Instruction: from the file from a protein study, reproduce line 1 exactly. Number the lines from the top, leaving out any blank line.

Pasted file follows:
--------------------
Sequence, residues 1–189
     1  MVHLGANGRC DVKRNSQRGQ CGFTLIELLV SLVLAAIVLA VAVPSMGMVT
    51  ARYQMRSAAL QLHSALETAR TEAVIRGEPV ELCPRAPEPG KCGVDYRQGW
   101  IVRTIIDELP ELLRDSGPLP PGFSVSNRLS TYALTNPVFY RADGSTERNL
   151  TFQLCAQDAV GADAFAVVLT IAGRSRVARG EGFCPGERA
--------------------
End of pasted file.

Sequence, residues 1–189